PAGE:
Welcome to the second, less frequently-posted decade of RevMod.

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Saturday, June 26, 2004

Strategic voting

Some people are still considering how they should vote, and the question for many goes deeper than "Who do I want as my MP?" As well it should, for the sophisticated voter (and you are one, else why are you here reading this instead of, say, not?)

Every party seems to be simultaniously making arguments in favour and against strategic voting. That is, they're offering arguments in favour of casting a strategic vote for, alongside arguments opposed to casting a strategic vote elsewhere. Let me try to offer a guide, from my position sitting in a riding where calculating a strategic vote is akin to calculating the precise number of car flags you need to fly to help your team win a chanpionship.

1) Know your riding. If you're in a riding like mine, with your next MP being a foregone conclusion, vote for your favourite party without worry. You aren't going to influence the result.

(Vote anyway! I can't stress this enough. The result in toto may be the same, but if you don't register your voice in what is essentially a referendum on the leading candidate, that candidate won't have any sense that s/he should act boldly/be careful in pursuit of his/her agenda. And the party you vote for, the winning or losing party in the riding, will have no idea what sort of resources to invest in that riding the next time around. Presumably, you want your party to spend its money efficiently, don't you?)

If you're in a contested riding, you need to figure out who it's contested between. This isn't a question of who is leading nationally or provincially. #1, #2. A vote for any other candidate cannot be described as a "strategic" vote.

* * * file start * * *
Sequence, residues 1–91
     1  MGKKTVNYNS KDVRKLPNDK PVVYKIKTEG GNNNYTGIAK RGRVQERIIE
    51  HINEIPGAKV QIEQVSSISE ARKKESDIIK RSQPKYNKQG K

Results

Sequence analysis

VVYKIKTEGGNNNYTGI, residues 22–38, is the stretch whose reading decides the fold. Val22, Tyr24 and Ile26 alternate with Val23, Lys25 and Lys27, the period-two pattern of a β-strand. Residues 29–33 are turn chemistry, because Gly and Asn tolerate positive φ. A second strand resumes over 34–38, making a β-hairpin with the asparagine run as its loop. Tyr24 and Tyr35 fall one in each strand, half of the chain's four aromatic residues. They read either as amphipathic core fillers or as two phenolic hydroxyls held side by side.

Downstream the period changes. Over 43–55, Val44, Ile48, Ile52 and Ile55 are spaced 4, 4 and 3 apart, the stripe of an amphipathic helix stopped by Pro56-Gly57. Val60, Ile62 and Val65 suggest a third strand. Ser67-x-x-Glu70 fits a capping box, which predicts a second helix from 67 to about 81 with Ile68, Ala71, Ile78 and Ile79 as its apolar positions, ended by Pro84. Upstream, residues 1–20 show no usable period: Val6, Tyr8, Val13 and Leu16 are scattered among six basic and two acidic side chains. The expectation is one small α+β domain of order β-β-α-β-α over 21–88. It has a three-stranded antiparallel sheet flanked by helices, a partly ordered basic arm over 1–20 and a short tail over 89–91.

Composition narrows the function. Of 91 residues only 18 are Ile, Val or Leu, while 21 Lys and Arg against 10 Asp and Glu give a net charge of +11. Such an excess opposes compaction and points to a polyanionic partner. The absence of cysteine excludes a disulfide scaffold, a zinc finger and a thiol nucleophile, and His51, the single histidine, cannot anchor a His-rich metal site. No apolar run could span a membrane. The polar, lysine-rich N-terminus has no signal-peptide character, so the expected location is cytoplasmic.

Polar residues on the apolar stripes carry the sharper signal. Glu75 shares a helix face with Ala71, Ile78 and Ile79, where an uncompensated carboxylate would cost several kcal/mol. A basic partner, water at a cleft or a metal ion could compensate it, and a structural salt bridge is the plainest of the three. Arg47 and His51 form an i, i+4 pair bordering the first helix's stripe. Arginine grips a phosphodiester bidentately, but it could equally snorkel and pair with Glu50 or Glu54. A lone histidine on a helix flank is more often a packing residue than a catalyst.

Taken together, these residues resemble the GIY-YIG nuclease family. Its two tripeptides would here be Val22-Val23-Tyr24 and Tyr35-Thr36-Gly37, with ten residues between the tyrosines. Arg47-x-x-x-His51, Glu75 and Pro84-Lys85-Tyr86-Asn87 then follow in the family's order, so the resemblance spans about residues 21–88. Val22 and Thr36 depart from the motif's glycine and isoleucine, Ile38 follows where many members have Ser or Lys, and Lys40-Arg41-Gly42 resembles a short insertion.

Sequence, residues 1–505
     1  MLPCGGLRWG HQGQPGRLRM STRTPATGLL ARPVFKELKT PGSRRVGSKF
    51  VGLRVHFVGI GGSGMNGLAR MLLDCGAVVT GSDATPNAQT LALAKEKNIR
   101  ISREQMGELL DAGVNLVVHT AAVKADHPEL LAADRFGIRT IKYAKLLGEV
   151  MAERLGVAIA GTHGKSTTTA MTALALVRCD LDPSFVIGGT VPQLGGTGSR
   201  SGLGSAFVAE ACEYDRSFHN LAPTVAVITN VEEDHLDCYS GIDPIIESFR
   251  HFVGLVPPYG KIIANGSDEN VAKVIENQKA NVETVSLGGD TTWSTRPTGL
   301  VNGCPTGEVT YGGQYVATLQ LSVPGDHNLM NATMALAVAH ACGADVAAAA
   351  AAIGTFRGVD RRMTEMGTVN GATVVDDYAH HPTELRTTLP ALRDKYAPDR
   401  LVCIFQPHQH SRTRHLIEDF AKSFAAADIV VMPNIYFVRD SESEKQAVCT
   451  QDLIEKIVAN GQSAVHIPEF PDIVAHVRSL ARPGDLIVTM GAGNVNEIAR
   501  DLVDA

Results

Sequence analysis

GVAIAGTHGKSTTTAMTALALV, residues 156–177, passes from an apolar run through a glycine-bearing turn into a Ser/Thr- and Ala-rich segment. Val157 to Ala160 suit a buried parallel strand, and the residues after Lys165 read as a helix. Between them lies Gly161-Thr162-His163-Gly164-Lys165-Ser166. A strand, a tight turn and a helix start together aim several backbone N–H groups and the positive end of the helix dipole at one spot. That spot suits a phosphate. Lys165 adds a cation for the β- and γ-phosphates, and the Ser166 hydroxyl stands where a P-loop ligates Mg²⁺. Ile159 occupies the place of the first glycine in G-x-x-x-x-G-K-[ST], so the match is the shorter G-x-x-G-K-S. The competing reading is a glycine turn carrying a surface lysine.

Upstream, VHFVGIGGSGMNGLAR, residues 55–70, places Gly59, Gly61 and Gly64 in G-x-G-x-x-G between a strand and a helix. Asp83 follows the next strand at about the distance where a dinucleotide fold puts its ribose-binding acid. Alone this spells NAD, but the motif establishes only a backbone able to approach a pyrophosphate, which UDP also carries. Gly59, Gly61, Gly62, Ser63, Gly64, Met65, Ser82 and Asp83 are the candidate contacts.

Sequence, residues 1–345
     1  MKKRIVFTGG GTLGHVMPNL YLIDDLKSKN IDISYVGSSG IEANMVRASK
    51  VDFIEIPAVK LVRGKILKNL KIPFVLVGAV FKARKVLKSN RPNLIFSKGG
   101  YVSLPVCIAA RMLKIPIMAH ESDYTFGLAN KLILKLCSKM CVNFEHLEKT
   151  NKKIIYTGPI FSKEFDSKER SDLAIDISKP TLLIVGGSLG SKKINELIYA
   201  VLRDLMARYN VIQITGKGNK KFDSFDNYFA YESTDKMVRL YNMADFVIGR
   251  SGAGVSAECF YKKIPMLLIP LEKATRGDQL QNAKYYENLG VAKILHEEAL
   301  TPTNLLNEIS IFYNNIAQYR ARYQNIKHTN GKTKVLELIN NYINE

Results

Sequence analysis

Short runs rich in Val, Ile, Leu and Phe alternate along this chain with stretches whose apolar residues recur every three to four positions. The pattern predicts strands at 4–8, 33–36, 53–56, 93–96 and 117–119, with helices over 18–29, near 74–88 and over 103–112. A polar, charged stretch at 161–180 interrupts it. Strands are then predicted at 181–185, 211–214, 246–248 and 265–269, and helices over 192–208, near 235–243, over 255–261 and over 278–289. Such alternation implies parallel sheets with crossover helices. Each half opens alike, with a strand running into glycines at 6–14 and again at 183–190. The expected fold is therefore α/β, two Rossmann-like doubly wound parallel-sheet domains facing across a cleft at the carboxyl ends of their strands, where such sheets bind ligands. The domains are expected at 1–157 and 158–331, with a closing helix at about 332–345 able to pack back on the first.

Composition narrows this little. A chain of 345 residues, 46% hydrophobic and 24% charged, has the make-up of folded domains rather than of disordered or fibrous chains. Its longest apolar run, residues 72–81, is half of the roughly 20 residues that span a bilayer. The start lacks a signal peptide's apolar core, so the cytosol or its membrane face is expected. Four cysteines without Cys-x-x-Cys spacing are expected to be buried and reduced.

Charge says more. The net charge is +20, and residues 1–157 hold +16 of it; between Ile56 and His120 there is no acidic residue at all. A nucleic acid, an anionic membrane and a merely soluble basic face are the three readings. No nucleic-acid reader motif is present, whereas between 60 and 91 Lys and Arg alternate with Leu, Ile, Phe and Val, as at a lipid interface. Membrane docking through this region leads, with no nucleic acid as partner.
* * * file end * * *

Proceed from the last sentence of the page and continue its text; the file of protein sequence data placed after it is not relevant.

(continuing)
2) Which of the two leading candidates, or parties those two represent, do you prefer?

That's it! Strategic voting made simple! Don't be fooled by the parties. If you are afraid of a so-con "hidden agenda", but your two leading candidates are a NDPer and a Liberal (yes, I know the Liberals have some so-con candidates. Another post, another time), stop worrying about beating the Tory, and make your choice for. On the other hand, if you have the same concern, but the local race is CPC v Party X, you need to decide if you can live with a vote for Party X or the local candidate thereof. The same calculation goes if you fear the NDP holding the balance of power, or you really want to see the Liberals punished and humiliated. And you don't even have to be voting "against" something to strategic vote... you can still narrow your riding to two candidates, and then choose your favourite.

First past the post, one MP per riding, is described as a problem by those who want to see Proportional Representation. But this is what we've got. Understand the system and use it.

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